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Logline: A writer becomes the caretaker of an isolated hotel where he takes his wife and child for the winter, unaware that the hotel’s evil forces will drive him to madness.

Review: Stanley Kubrick’s The Shining stands alongside Psycho (1960), The Birds (1963), and Jaws (1975) as one of the greatest horror films of all time.  As the film’s tagline proclaims, it truly is a masterpiece of modern horror, brought to the screen by one of the greatest filmmakers of all time.  Kubrick, known for such films as Dr. Strangelove (1964), 2001: A Space Odyssey (1968), and A Clockwork Orange (1971) brings his craft to the horror genre in this classic film.

Beautifully shot, it is evident that meticulous care went into every frame.  Kubrick was known for his excessive retakes.  For example, the scene in which Dick Hallorann talks to Danny about his “shining” took one hundred and forty eight takes before Kubrick was satisfied.  However, Kubrick’s perfectionism and obsessive attention to detail paid off.  The film is visually stunning.  Its striking imagery, such as a vision of two murdered twins in the hallway and blood flowing out of the elevator, will become engrained in your mind.

The legendary low tracking shots follow Danny on his big wheel as he travels through the hotel’s long, winding corridors.  The Overlook Hotel’s architecture and design feel very much of a bygone era.  The film is imbued with a constant sense of dread.  The overall sense of doom is amplified by the film’s haunting music, most of which is classical.  However, some original music appears in the film, as in the opening driving sequence shot in Glacier National Park, Montana.

The film is full of great scenes.  Some of my personal favorites include the one in which Wendy finds Jack’s writings by his typewriter, which read nothing but “All work and no play make Jack a dull boy.”  Jack enters the room and the following shot-reverse-shot dialogue between the two is remarkable with both actors at their best.  Another scene that I love takes place in the bathroom, where Wendy is hiding.  As in many other horror films such as Diabolique (1955), Psycho, and Repulsion (1965), the bathroom becomes a place of dread.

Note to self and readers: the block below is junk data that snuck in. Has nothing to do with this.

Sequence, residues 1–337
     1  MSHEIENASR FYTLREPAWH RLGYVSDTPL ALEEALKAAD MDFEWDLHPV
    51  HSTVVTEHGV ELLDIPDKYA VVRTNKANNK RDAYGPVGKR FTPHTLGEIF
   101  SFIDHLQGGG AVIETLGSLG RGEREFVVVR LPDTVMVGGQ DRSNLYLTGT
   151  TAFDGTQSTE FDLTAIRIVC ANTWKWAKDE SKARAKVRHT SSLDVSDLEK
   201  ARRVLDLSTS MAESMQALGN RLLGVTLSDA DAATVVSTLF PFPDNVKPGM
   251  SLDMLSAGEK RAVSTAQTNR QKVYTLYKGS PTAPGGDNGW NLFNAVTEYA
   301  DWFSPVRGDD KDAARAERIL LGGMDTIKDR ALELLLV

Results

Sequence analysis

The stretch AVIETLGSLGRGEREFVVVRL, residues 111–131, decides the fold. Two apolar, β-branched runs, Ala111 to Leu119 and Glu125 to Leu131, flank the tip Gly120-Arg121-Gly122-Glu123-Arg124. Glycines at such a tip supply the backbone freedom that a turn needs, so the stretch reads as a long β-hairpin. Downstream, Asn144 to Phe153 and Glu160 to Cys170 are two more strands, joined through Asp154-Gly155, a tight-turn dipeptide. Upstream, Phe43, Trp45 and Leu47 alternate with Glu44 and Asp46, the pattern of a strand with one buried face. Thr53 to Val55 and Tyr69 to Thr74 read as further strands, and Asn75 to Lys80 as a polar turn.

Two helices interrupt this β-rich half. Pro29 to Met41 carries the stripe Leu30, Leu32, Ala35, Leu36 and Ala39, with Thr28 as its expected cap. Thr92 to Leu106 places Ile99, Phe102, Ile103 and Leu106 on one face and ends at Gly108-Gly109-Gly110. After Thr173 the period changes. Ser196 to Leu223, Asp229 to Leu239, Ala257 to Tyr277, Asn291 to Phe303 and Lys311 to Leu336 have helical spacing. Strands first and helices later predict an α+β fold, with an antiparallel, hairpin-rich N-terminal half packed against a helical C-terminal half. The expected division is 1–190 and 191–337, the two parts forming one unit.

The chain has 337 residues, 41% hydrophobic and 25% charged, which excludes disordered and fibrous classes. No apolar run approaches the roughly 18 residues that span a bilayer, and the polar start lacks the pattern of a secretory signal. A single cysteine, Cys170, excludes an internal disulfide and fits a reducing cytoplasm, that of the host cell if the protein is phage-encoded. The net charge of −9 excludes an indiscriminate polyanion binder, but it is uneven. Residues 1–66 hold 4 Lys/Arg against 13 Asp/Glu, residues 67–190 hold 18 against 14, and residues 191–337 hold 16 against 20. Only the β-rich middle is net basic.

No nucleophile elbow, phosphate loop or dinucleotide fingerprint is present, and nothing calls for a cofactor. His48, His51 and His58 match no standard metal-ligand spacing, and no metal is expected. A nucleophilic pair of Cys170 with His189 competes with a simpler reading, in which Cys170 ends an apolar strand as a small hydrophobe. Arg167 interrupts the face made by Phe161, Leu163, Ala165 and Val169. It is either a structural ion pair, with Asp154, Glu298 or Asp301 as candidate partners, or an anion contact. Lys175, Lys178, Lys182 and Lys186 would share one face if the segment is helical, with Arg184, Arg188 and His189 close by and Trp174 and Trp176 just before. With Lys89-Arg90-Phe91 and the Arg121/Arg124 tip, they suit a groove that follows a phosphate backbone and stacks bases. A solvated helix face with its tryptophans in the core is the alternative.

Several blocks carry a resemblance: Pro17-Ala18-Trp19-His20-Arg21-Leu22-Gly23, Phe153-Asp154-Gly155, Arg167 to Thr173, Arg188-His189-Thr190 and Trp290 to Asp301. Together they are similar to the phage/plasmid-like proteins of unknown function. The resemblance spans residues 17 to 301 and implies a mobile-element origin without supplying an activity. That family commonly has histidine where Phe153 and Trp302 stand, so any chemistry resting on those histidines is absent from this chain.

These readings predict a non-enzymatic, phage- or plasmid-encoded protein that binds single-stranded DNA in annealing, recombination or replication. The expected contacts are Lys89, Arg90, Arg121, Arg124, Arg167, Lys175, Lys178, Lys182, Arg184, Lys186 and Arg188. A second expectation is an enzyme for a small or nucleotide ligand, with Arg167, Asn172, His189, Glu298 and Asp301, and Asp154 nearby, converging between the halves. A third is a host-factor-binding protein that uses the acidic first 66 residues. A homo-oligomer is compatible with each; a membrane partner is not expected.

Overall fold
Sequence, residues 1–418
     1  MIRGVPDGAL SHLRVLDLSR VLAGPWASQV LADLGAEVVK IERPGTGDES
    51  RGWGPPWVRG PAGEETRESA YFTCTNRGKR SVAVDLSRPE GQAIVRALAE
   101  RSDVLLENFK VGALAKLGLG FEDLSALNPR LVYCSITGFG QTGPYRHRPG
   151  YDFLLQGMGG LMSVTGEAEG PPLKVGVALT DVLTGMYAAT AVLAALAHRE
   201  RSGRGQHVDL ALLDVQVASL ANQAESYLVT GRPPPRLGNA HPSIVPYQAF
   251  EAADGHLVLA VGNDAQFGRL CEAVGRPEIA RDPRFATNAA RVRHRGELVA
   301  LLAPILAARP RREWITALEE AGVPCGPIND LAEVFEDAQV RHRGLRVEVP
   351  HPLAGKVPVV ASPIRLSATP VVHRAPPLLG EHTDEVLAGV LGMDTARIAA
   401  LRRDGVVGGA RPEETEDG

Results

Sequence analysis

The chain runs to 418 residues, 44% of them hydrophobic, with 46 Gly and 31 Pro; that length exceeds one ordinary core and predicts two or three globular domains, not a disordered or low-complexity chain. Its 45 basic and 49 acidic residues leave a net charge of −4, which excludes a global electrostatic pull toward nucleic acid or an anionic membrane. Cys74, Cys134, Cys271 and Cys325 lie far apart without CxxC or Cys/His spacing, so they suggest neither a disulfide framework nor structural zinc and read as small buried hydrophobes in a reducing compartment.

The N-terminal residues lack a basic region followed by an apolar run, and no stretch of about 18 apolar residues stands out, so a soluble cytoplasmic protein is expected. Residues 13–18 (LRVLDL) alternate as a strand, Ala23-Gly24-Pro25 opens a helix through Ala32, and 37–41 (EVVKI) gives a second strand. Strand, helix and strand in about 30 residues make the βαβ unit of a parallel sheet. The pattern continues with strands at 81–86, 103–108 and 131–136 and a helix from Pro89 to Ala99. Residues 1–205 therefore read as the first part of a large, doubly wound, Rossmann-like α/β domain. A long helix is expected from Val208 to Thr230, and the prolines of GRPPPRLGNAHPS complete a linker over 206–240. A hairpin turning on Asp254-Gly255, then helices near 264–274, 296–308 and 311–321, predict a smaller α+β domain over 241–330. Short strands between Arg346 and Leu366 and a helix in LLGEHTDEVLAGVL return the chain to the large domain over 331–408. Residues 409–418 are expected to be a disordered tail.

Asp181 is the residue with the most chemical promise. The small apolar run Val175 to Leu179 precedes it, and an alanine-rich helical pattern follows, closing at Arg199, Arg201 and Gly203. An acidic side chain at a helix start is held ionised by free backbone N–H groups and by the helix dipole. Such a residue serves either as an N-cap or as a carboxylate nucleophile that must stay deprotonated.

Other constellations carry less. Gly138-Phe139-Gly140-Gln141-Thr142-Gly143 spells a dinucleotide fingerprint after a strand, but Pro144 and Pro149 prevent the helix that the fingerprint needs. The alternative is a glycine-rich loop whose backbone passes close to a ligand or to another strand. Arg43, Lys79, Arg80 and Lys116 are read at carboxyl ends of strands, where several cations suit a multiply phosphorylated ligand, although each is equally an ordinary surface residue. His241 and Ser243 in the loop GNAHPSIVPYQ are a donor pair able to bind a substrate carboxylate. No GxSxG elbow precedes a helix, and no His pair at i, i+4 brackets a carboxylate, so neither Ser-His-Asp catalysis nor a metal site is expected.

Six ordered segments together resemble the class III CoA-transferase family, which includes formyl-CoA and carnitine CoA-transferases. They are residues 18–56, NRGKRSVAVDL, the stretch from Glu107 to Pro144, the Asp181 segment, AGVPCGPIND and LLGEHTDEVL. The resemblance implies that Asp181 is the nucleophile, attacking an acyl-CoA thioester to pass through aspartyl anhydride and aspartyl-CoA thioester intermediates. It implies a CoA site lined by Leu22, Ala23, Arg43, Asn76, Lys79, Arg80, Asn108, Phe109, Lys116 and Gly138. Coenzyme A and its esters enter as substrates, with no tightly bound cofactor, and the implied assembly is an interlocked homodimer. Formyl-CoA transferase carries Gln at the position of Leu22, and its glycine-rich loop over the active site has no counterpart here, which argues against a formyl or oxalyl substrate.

Jack Nicholson gives his most brilliant crazed performance here and he is utterly fantastic.  Shelley Duvall, often overlooked for her performance, is also stellar.  Kubrick was notoriously hard on Duvall during filming and the actress proclaims it was the most difficult film she ever made.  In his first and only film role, Danny Lloyd is great as the young Danny Torrance.  Scatman Crothers gives a great supporting role as Hallorann.

The Shining is very different from the Stephen King novel on which it is based.  King has made clear his dissatisfaction with the film.  In my opinion, it is far superior to King’s novel.  The film brings many horror elements to the table and is anything but a typical “haunted house” movie.  In fact, there is a certain level of ambiguity in the film not present in the novel especially in the final shot of a photograph taken in 1921.  It is a fantastic way to end the film that brings many questions to mind.

Though curiously not well received critically upon its initial release, The Shining has become a horror classic.  In the hands of master filmmaker Stanley Kubrick, it is pure cinema and remains one of my favorite films of all time.  “Heeere’s Johnny!”

Rating (out of ****): ****

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